21 Jul 2008

The Autoupdate Sin

It pisses me off when applications, and even frameworks like Growl, put up dialog boxes saying a new version is available. Well, what are you telling me for? If the new version has some security fixes, update silently! If not, do whatever the hell you want to! Don't keep nagging me with this trash. Software should take care of itself rather than whining.


  1. Babau8:49 pm

    I don't mean to stalk you, haranguing you in the comments of every post you make, honestly. After I read your comments on openmoko, though, I've read your two subsequent posts and I've got an observation to make.

    In regards to autoupdate nagging, most Linux distributions have a lovely way of dealing with this. All software installed via supported channels is updated by the same mechanism. Every now and again the program checks the central database for updates to installed software. You can then install updates to all your programs and your OS at once. It's one of the crowning glories of a Linux system.

    Also, in the post before this one you express your frustrations about content protection. Specifically, how you should be able to have absolute control over something you pay for. "freetards" have been talking about this issue for some time. It's pretty ingrained in the open source movement.

    For someone that seems so against open software, you seem to have a lot of issues that could be resolved by it. Might be worth dipping a toe in the pool sometime.

  2. Babau8:54 pm

    Damn the lack of comment editing on Blogger.

    I've just had a look through more of your blog and have seen that you have experience with FOSS, Linux specifically. Please strike my "dip a toe" comment from your mental record. Nevertheless! Might be worth coming back to the fold and seeing what's changed in the world of desktop Linux.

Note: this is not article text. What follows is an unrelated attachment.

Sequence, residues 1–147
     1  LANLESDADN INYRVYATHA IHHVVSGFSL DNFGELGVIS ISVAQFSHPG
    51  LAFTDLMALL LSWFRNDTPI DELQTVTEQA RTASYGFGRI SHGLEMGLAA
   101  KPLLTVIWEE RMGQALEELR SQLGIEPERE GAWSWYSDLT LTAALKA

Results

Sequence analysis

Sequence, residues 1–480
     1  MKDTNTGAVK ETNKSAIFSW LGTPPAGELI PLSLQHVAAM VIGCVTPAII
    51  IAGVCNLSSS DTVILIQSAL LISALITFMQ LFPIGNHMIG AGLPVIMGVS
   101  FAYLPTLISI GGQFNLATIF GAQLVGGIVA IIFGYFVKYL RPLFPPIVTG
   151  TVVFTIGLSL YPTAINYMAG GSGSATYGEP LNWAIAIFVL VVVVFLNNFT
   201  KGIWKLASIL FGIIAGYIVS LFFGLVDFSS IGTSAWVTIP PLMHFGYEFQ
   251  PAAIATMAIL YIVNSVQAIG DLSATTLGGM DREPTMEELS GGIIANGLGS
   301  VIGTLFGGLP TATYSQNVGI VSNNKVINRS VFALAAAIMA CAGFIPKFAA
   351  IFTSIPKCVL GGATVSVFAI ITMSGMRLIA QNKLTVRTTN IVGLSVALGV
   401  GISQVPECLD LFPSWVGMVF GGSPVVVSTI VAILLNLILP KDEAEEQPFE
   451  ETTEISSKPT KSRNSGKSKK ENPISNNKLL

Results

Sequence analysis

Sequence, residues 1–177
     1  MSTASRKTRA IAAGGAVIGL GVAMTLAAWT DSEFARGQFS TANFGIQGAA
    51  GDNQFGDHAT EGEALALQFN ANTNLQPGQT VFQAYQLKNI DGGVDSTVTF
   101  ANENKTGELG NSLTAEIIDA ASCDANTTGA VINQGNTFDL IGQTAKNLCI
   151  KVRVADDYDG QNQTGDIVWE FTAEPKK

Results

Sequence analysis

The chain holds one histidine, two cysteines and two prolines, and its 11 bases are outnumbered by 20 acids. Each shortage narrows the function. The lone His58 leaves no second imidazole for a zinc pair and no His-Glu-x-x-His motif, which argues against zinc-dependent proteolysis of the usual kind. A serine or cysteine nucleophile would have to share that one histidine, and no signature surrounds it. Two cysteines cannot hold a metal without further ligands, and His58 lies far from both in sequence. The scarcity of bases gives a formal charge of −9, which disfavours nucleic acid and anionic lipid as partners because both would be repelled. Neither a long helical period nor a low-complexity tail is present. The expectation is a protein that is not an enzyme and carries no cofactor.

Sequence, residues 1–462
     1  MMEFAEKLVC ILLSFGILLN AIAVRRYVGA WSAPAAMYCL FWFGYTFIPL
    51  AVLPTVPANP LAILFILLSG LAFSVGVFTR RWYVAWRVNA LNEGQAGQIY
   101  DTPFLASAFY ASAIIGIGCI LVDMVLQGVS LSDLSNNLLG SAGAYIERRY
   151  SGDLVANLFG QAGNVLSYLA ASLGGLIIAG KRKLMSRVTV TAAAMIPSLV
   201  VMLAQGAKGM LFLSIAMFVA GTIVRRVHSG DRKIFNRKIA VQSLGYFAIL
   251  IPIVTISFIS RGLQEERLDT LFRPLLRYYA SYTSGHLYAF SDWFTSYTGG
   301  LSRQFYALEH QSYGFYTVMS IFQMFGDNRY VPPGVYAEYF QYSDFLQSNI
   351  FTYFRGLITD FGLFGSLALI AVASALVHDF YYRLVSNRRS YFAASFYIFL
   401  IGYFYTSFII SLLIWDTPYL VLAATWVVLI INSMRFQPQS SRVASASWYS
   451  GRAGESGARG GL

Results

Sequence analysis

3. Oops. Yes, I came across as an anti-open-source guy, and sorry for that, but it's far from the truth. I love and use a lot of open-source software (Eclipse, Notepad++, WinMerge, Amarok, gcc...) In fact I work on an open-source project -- Google Gears.

    I'd like nothing more than for open-source software to succeed widely, and I frequently read reviews of Linux distros and note with great happiness the large strides Linux is making. I look forward to the day when I can run Linux rather than a proprietary OS.

    You're right -- my OpenMoko post was not well-written, and I apologize for the term "freetard". Let me rewrite the post to be more civilized :)

  4. Yes, there's definitely a place for freedom in the world, and I'm glad I have Linux to switch to at a moment's notice if OS X or Windows gets too obnoxious in the DRM department. (I run XP, not Vista.)

    About apt/yum, it sounds good, but last year on OpenSuse 10, my yum repository got itself into a conflicting state where whenever I try to upgrade or install or uninstall something, it would insist I resolve the conflict first, but none of the options to resolve the conflict worked.

    Also I don't like the idea of "software installation". For most apps, installation should be just a drag, and uninstallation should be a delete. See http://kartik-log.blogspot.com/2008/02/application-installation-101.html